To make matters worse, clinical commissioning groups do not analyse data in-house to inform their decisions. Since the Health and Social Care Act came into force, vital information functions have been outsourced to commissioning support units, organisations that have no basis in law and that are temporarily hosted by NHS England. Plans to float these organisations on the stock market have been suspended in favour of turning them into social enterprises, staff mutuals, customer controlled social enterprises, or joint ventures. Clinical commissioning groups should demand that these information functions and the associated NHS funds and staff be returned to them before any privatisation takes place.

Campaigners are concerned that pharmaceutical industry and health insurance companies will be simply ‘given’ the data, although Section 251 of the NHS Act 2006 requires them to state what uses will be made of data and how they will be stored securely. They will also have to answer similar questions from the Health and Social Care Information Centre’s Data Access Advisory Group. While applicants do not get ownership of the data they are able to use them and this raises serious questions about the purposes to which the data will be used and the extent to which analyses may be sold on. There is still no clarity or transparency about the ownership and control of the data, how the data will be accessed and used by the private sector, or how statistics about NHS funded private care will be made available to all.

We need reassurance from government that the data will be used to produce and publish national statistics in line with the National Statistics Code of Practice. The Code, overseen by the UK Statistics Authority, is designed to be observed by all the public bodies that produce official statistics. It is considered to be central to maintaining a unified statistical service that meets the needs of government and society and is both trustworthy and trusted.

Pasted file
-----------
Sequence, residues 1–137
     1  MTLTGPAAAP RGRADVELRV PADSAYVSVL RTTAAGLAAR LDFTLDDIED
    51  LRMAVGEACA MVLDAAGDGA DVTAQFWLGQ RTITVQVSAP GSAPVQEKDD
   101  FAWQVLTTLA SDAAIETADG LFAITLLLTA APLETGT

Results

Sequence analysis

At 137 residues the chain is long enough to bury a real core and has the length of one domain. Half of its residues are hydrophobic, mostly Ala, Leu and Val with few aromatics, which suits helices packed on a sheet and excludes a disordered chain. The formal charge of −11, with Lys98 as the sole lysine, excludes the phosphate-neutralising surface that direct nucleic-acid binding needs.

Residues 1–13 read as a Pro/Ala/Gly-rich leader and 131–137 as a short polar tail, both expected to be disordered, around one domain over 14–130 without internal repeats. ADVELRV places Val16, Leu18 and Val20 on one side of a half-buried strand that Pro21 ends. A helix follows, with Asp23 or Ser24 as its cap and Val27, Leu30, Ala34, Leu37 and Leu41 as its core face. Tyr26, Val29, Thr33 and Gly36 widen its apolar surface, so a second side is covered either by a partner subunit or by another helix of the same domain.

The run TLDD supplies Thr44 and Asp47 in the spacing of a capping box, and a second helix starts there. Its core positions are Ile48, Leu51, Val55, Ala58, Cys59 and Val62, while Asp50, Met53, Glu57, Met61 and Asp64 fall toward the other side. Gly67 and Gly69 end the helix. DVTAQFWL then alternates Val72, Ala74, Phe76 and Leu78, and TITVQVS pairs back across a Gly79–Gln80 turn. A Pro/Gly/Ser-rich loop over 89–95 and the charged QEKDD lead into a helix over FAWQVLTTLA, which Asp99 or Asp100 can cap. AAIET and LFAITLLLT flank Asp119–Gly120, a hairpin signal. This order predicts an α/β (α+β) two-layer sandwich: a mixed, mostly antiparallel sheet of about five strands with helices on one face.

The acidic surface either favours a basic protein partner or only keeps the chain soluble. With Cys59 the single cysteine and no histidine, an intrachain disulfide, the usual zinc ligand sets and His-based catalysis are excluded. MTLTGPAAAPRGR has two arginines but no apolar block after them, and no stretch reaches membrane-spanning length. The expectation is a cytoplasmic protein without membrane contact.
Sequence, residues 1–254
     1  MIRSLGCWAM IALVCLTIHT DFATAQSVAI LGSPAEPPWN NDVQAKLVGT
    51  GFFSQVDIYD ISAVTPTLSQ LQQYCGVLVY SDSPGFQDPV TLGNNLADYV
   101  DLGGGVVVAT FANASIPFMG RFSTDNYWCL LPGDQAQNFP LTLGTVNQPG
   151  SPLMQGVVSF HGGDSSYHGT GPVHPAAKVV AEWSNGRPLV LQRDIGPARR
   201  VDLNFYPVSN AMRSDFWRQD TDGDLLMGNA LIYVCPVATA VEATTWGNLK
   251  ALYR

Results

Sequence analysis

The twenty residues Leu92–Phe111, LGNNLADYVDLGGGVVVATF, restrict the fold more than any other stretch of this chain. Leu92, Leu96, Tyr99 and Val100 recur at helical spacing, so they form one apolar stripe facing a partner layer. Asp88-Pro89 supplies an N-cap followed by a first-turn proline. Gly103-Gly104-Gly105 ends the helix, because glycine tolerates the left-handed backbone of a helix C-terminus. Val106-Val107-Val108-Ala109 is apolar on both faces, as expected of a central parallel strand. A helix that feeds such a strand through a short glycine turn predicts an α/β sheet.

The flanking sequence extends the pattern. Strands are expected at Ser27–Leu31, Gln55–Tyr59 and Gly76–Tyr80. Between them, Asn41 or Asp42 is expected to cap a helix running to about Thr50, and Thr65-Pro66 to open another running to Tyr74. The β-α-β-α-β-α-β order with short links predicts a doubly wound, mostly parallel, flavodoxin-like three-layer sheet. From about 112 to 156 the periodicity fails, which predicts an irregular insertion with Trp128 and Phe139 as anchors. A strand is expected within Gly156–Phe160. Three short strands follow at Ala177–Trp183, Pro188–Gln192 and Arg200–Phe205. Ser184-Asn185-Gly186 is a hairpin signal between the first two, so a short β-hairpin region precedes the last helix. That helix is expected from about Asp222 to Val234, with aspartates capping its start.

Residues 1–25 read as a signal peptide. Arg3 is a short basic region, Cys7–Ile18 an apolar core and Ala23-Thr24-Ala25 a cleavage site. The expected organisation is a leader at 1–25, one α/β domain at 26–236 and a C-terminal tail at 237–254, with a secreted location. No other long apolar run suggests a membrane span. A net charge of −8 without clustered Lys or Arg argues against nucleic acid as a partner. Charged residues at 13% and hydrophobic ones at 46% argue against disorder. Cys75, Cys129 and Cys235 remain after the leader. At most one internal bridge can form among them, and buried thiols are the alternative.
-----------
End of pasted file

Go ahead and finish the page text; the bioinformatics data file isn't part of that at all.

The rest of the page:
As the government is privatising health care, it is crucial to have complete and high quality data to monitor the impact of these policies. The private sector has a poor track record for data collection. The atrocious quality of private sector data returns made it impossible to monitor contract compliance for independent sector treatment centres, the government’s £4bn programme for elective surgery, where NHS funds were diverted to for-profit providers. General practices owned by private companies such as Virgin and Serco will be protected from scrutiny if their patients opt out, as there will be no data about them –  as is already the case in nursing and residential care homes.

Instead a public campaign is needed to promote public data and oppose privatisation of both our healthcare services and data functions. Patients and the public need to make clear to NHS England that their consent for medical records to be uploaded to care.data is conditional on it not being used for commercial purposes or handed over to third parties such as drug companies and health insurance and health care corporations. Such a campaign must make links between opposing the privatisation of the data collection and analysis systems and opposing the privatisation of our health services, and must ensure that NHS England and Care Commissioning Groups oppose both.

Prof Alison Macfarlane
Professor of Perinatal Health
City University London
44 (0)20 7040 5832

Prof Allyson Pollock
Professor of Public Health Research and Policy
Queen Mary University of London
44 (0)20 7882 5637